When I left off, I had us just entering Bearskin Neck in the little town of Rockport, Massachusetts. We were curious, but also a little worried about what we might find. It had been several years since we’d been there. And the shops and cafes that you find at vacation spots are like the lilies of the field. Not the ones in Matthew 6, for heaven knows, the people who own them and work in them do decidedly toil. But, like the flowers, they are fragile, and come a storm or frost, they may vanish in the twinkling of an eye.
So, we set off, and almost at once had a little disappointment. There was a restaurant that we used to visit almost every time we went to Rockport. It was called “The Greenery,” and was located right at the point where Mount Pleasant street intersects with the Neck, at about 5 Dock Square.
But, when we got to the location, it was gone. In fact, even the building it had occupied was empty. I mean, not only was the restaurant gone, but also nothing seem to have taken its place. It was simply empty. (Important: see the Special Note #1 the below.)
About the photos: Three today. The first has nothing to do with the story (as always). It’s of Martha and I took it today while we were down in Austin. I finally got her to let me buy her a new turquoise ring at, not surprisingly, the shop known as The Turquoise Trading Post (https://www.turquoisetradingpost.com/) The deal was if she got a ring, I’d get a new hat :-)
I later did some research on the web about it all. I gather that the Greenery encountered some hard times after about 2010. Then, another restaurant, “The Blue Lobster Grill,” had opened in the same spot in 2011. But, the Lobster, too, had closed in 2022--again, I have no idea why? Covid again? Just guessing.
Though, I gather, from something else I read, that the people who ran the Blue Lobster are still in town and still in business, though (at least as of the time I’m writing this, November 30, 2022), they now operate the Rockport House of Pizza.(2)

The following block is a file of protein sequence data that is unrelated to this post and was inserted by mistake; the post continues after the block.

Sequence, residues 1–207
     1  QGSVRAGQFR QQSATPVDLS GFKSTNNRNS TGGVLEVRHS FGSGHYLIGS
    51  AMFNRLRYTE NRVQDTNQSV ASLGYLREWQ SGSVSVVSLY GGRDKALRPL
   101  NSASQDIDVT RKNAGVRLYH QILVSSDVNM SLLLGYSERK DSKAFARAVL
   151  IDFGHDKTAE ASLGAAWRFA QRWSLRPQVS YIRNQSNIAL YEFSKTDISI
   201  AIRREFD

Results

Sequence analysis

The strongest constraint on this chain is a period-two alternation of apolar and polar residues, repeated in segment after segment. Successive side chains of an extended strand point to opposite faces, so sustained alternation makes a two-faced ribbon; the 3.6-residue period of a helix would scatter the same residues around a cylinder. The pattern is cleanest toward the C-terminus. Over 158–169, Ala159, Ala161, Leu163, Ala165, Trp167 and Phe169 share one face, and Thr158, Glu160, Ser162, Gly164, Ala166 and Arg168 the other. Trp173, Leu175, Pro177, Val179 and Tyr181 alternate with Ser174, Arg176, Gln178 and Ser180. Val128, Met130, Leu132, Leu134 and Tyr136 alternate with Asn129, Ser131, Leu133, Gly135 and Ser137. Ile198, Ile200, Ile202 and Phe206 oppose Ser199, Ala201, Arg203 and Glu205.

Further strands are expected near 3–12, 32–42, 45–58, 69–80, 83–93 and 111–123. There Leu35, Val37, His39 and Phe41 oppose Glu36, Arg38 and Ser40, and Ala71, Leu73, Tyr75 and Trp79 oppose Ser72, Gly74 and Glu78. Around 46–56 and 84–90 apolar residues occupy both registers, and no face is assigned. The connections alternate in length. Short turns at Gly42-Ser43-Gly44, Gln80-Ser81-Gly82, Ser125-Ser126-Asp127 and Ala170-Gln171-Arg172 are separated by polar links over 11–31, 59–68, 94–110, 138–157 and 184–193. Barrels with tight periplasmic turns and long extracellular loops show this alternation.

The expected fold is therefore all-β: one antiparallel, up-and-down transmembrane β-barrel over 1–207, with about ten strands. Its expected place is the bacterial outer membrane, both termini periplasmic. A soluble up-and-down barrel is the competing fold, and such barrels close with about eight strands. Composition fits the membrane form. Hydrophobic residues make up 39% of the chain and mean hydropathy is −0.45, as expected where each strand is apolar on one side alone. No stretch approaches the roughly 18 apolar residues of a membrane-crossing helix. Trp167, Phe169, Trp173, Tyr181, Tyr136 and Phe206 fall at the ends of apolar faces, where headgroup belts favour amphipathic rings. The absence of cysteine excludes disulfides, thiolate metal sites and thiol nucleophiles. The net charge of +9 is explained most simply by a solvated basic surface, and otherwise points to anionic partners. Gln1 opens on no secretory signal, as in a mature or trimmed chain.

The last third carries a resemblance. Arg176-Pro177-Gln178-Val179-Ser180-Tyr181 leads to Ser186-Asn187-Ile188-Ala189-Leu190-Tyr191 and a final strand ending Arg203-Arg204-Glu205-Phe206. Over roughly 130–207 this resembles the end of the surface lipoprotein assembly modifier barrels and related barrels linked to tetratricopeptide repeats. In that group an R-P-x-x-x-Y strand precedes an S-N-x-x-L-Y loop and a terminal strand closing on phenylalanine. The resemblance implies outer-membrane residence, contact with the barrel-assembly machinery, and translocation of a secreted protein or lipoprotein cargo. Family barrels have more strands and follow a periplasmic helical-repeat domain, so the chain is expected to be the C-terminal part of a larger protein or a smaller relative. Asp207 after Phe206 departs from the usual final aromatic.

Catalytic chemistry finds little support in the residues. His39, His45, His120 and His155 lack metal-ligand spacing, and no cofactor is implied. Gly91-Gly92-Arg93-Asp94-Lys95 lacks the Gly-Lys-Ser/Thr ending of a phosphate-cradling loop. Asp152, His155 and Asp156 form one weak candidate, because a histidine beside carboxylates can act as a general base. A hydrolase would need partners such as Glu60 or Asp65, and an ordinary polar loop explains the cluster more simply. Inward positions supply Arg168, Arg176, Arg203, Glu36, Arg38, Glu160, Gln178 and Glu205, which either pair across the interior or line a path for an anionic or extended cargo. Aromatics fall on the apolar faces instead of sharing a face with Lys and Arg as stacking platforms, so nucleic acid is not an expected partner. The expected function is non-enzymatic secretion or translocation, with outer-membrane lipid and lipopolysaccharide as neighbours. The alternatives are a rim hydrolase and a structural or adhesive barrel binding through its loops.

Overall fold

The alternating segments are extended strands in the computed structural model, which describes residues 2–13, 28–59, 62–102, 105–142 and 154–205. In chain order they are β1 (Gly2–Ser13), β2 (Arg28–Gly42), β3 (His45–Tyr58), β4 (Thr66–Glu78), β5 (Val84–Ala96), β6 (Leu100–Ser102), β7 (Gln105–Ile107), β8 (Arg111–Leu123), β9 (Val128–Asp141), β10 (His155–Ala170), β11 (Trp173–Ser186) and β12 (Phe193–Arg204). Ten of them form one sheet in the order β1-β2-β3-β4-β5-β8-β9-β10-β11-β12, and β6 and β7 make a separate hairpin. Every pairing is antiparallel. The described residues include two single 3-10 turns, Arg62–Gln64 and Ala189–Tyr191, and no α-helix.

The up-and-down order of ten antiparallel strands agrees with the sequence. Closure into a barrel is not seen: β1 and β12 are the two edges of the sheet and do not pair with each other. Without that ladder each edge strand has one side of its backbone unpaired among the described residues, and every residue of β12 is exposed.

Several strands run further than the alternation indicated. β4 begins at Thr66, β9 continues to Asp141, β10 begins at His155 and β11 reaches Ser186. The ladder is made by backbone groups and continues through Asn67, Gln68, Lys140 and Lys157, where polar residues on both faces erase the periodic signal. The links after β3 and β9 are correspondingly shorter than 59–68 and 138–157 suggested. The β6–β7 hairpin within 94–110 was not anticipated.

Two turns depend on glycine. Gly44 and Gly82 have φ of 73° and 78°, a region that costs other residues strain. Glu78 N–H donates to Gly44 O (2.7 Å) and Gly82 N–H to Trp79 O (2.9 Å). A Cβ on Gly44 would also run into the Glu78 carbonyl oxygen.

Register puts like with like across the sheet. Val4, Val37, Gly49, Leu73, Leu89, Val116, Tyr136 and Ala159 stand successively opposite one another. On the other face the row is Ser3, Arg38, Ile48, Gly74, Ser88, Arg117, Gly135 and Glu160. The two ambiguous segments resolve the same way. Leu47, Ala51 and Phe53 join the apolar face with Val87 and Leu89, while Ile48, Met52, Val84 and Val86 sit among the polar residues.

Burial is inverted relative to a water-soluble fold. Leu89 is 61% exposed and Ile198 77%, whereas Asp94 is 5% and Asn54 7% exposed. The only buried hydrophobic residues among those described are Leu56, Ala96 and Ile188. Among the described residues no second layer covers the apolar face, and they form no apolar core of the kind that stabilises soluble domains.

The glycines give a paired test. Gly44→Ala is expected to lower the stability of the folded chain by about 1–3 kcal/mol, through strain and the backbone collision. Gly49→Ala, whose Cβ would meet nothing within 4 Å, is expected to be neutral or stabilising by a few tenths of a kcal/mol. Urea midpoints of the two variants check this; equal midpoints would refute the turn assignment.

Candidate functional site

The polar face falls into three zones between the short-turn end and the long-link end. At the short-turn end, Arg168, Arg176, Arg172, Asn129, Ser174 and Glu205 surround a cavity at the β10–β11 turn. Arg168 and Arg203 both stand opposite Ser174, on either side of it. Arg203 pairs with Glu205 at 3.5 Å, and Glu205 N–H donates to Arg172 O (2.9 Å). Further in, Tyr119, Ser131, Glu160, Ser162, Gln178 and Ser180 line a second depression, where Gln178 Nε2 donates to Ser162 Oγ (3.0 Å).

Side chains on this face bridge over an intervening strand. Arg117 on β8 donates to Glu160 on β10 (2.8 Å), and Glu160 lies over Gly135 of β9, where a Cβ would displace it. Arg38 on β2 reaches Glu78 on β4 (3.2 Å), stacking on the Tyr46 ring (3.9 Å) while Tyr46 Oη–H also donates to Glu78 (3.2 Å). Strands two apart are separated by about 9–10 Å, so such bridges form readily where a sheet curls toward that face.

Still, we were distressed by the Greenery’s absence. We had good memories of going there over the years. At least when we were visiting, the place had terrific sandwiches and excellent plated meals. Eating there was a great way to begin, or end, your visit to the Neck.
I remember going to the place with David when he was little--he’d always charm the waitresses--and then, later, when he was off to college, we’d go there ourselves frequently. It was a terrific spot for weekend lunches or date night dinners. We would, if we could, go into the back room of the place, where there were great windows opening up on the harbor. You could see the fishing boats and pleasure boats coming and going, and, of course, there was a terrific view of Motif No. 1, the world’s most famous fishing shack, in all its scarlet photogenic glory by the sea.
But, now it was gone, and we worried that that was an omen. We feared that once more we’d find nothing here that had once been ours. We feared, more, that maybe such would be the case for the whole trip. Maybe New England itself...or, rather, the memory of it which belonged to us, and which we cherished...was no longer there.
So, we turned up Bearskin neck and began to walk...
Everything was completely familiar.
Oh, it wasn’t necessarily the *same* shops and galleries and cafes we saw. Many were gone. Others had new owners. Others, still, had gone a different route...had a different line of products.